Since then, the president has been courting MPs to support his view of scrapping bail for capital offenders. Museveni upped the rhetoric at a time when two MPs; Allan Ssewanyana (Makindye West) and his counterpart Muhammad Ssegirinya (Kawempe North MP) were locked up on charges of murder, attempted murder, terrorism, and abetting and aiding terrorism.
A section of MPs led by the Leader of Opposition in parliament (LoP) Mathias Mpuuga said then that the no-bail law is meant to target President Museveni’s opponents. In September last year, former minister of Justice and Constitutional Affairs Justice Prof George Kanyeihamba challenged Museveni’s move to scrap bail in court.
“Museveni wants to change the law so that everybody is guilty until you prove that you are innocent yet the law says everyone is presumed innocent until proven guilty. President Museveni should first withdraw Uganda from all international treaties that guarantee bail globally. The removal of bail is a violation of human rights of capital offenders,” he said. The petition was withdrawn.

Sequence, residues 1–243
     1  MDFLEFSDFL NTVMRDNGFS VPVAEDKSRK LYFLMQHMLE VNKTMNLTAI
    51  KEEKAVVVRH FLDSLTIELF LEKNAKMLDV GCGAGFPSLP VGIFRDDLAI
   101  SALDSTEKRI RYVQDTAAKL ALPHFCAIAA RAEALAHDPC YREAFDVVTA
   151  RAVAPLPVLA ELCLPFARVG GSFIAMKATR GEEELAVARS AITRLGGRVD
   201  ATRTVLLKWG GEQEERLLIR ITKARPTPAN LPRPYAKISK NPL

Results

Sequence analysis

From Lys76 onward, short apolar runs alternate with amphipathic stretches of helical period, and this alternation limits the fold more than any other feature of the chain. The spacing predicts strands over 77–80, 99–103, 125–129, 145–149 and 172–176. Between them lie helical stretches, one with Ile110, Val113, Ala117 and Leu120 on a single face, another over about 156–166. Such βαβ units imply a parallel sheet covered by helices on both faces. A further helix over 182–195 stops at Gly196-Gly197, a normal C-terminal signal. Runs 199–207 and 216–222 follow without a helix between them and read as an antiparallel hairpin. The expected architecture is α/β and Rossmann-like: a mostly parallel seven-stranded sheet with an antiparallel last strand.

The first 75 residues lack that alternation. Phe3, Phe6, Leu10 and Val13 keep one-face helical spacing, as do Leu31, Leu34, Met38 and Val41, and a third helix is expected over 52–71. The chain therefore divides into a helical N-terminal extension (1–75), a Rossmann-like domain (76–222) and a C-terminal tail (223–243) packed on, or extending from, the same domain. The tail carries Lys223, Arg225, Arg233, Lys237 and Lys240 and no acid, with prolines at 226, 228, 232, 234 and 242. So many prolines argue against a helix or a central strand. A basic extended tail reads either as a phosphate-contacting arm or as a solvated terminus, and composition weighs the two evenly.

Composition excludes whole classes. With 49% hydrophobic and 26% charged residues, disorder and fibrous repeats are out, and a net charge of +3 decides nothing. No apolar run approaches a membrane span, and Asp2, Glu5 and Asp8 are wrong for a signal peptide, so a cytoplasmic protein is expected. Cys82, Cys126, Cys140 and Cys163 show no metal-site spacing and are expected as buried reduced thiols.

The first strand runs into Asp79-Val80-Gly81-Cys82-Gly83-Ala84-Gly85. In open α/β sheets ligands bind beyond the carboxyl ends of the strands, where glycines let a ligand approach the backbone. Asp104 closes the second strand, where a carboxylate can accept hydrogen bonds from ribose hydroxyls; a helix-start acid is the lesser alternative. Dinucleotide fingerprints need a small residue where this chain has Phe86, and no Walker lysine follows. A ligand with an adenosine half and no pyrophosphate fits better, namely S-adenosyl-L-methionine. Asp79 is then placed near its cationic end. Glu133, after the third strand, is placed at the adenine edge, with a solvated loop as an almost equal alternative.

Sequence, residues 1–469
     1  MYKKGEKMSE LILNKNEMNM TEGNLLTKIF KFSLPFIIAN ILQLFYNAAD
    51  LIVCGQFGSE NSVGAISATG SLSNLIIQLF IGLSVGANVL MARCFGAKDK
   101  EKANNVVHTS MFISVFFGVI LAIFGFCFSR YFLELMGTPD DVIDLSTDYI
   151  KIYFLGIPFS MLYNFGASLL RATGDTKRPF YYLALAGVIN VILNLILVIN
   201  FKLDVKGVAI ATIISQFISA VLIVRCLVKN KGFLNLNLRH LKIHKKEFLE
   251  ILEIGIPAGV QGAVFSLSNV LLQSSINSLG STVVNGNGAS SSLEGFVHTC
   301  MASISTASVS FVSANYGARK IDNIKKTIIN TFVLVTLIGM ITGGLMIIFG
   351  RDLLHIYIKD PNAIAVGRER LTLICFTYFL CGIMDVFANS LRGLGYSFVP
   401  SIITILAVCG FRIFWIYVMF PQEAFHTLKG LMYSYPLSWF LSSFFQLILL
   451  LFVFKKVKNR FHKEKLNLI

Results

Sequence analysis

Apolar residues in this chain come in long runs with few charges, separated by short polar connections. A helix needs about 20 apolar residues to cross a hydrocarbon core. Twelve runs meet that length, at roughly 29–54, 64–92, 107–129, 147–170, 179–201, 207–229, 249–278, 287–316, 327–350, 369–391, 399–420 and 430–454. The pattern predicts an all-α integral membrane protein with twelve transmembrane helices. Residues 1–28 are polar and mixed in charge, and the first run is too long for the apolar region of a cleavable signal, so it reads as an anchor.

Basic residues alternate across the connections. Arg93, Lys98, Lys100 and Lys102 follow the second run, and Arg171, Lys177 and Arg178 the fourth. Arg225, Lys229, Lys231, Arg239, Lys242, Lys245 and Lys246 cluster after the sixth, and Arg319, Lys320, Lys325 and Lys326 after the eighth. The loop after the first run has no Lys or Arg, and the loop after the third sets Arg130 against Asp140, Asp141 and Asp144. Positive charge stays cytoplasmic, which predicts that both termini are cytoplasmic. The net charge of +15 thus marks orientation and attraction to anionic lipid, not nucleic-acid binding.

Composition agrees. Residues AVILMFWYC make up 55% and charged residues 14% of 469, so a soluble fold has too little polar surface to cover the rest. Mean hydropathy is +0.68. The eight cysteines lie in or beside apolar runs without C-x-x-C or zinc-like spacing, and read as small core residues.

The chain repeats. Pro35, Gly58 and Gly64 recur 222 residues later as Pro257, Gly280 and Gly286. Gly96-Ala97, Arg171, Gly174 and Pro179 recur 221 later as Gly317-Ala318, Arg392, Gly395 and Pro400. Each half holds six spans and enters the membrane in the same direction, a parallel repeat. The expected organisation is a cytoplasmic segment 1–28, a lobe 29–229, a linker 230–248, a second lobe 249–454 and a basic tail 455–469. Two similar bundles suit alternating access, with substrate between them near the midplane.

Interviewed for a comment on the appointment of Mao, the Leader of Opposition (LOP) Mathias Mpuuga said the appointment will not have any positive consequences. He said Mao entered an arena where Uganda People’s Congress is and DP will become dysfunctional.
“I don’t see him having an impact on institutions. The person who does things is Mr Museveni. Mao can only do what Museveni wishes,” he said.
“The issue of bail and mailo land has nothing to do with Norbert Mao or justice minister but Mr Museveni’s wishes. There is nothing to prepare; they will find us the way they left us last time when they tabled the age limit bill and other bills,” Mpuuga said.